A new study, published today by scientists at ZSL’s Institute of Zoology, has revealed that Polychlorinated biphenyls (PCBs) are affecting the fertility of male harbour porpoises – threatening the future breeding success of the species. ZSL’s lead researcher, Rosie Williams, tells us more about this latest study and what it could mean for whales, dolphins, and porpoises.
What are PCBs?
The chemicals were banned in the 1980s but were once widely used – in products varying from paint to electricals – but they continue to enter the marine environment via various mechanisms. For example, PCBs are still in use in paints and sealants in old buildings and for outer coating on ships, so if contaminated building materials are improperly disposed of they could also reach the environment, and demolition of buildings may cause PCBs to enter the air. A series of recent studies, including multiple studies led by ZSL’s Cetacean Stranding Investigation Programme (CSIP), like this one, have shown that they have had a lasting negative impact on the animals living in the environment.
What's the study about?
I’m part of CSIP, and we investigate the cause of whale, dolphin and porpoise strandings around the British coast – we’re building up a huge database of results, giving us an overall picture of not only the health of these species but the health of British waters in general.
To put it most simply, our study found that animals with higher concentrations of PCBs in their blubber had lower testes weights. This finding is particularly concerning in harbour porpoises because their sole mating strategy is to be as promiscuous as possible. They’re what’s known as sperm competitors in that the only way that they compete against other males is to maximise the number of times and number of females they mate with, so we think having large testes is a really important part of their mating strategy. Therefore, we believe it is likely that PCBs are causing reduced fertility in some individuals in this population of harbour porpoises.
How was the study conducted?
We measured the concentrations of PCBs present in the blubber of 267 harbour porpoises that stranded around the UK coast. Alongside this we collected lots of other data including, age, location, weight, length and testes weights which allowed us to build statistical models to determine whether PCB concentrations had any associated effect on testes weights.
We think it is unlikely that this is only happening in harbour porpoises. Several other species of marine mammals feed higher up the food chain and accumulate higher levels of PCBs therefore, we expect any impacts are likely to be more severe for them.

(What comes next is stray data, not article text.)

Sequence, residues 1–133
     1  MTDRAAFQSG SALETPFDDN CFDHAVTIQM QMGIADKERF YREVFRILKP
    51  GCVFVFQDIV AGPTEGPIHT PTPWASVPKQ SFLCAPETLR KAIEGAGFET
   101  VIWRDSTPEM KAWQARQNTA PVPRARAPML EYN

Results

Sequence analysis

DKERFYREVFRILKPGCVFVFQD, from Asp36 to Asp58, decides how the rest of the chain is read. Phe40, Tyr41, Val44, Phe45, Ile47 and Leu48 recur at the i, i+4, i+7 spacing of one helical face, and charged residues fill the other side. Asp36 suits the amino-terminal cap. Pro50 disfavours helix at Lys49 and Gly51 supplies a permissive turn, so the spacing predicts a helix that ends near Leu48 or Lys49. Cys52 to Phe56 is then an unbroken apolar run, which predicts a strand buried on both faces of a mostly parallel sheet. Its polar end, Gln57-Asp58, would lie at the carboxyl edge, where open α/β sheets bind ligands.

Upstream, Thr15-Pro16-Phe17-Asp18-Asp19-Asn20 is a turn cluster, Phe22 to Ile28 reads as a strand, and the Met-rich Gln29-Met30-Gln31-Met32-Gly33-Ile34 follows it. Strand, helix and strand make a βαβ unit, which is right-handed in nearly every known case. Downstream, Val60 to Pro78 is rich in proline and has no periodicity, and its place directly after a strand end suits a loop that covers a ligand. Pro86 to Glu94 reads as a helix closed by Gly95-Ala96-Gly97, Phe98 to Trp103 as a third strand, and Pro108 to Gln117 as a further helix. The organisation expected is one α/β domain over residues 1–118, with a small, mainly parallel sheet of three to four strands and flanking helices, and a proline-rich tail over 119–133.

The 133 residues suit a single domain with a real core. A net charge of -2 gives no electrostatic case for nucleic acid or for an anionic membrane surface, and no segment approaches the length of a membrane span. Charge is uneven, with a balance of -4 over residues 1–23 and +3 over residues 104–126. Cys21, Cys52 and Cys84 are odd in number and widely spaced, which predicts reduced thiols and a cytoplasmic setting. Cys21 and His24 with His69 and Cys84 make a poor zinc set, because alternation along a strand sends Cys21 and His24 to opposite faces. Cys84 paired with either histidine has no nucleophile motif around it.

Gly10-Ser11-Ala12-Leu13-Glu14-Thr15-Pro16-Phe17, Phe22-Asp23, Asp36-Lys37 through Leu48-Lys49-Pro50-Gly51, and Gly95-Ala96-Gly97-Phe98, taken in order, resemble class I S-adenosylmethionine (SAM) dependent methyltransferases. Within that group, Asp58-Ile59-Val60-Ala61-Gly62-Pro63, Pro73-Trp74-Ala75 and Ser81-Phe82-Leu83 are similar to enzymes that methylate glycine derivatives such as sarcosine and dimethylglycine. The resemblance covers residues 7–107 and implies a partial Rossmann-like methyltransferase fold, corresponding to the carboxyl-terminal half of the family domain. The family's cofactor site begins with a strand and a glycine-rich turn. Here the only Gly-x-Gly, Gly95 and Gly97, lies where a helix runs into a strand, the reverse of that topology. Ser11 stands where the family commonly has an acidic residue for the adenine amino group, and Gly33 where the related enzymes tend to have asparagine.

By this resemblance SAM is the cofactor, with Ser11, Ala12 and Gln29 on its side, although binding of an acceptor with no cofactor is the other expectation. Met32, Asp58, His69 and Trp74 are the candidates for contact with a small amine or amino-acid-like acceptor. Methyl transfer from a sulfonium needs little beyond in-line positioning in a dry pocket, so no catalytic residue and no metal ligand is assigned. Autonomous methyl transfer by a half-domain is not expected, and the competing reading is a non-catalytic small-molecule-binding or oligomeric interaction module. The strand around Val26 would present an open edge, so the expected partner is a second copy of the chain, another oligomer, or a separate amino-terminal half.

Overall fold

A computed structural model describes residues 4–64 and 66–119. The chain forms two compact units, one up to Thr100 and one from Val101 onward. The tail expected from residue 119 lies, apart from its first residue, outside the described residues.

For example, in the UK we only have eight killer whales left of our resident population and the population haven’t had a calf in over 20 years - many scientists believe that’s because they’re exposed to such high levels of PCBs.
This kind of work is really important because it can be used to inform policy and conservation for those much more threatened species both in the UK and around the globe.
What are the other known effects of PCBs on cetaceans?
PCBs have been associated with suppression of the immune system, whereby animals exposed to higher levels are more likely to die from infectious disease. They have also been linked to increased calf mortality and foetus loss. In addition, studies on other mammalian species have found that they are carcinogenic and neurotoxic so there are a wide range of deleterious effects.
How many harbour porpoises are there in the UK – is it a healthy population?
It’s really difficult to get robust population estimates for harbour porpoises because they live underwater and have very large ranges so they’re very difficult to count! In the last 20 years three large scale surveys have been carried which have found that numbers are decreasing year-on-year however, this trend was not statistically significant due to the large uncertainties associated with collecting abundance data on these animals.
What does this mean for the porpoises, dolphins and whales living in these waters?
We hope to carry out more research to get a better understanding of how many individuals are impacted and what effect this has at population level. However, if PCB burdens are impacting both male and female fertility this could have serious consequences on the long-term population viability of marine apex predator populations that are highly-exposed to PCBs.
What can be done to protect porpoises?
While our findings are concerning, we hope that this work can drive legislation to aid conservation efforts and reduce the impacts of pollution on wildlife. Demonstrating the impacts of PCBs on cetacean health is key to improving conservation efforts and encouraging legislation and management actions to reduce the amounts of contaminants that enter the environment. Therefore, we hope this work will encourage UK and international governments to increase their efforts to properly dispose of the PCBs within their countries.
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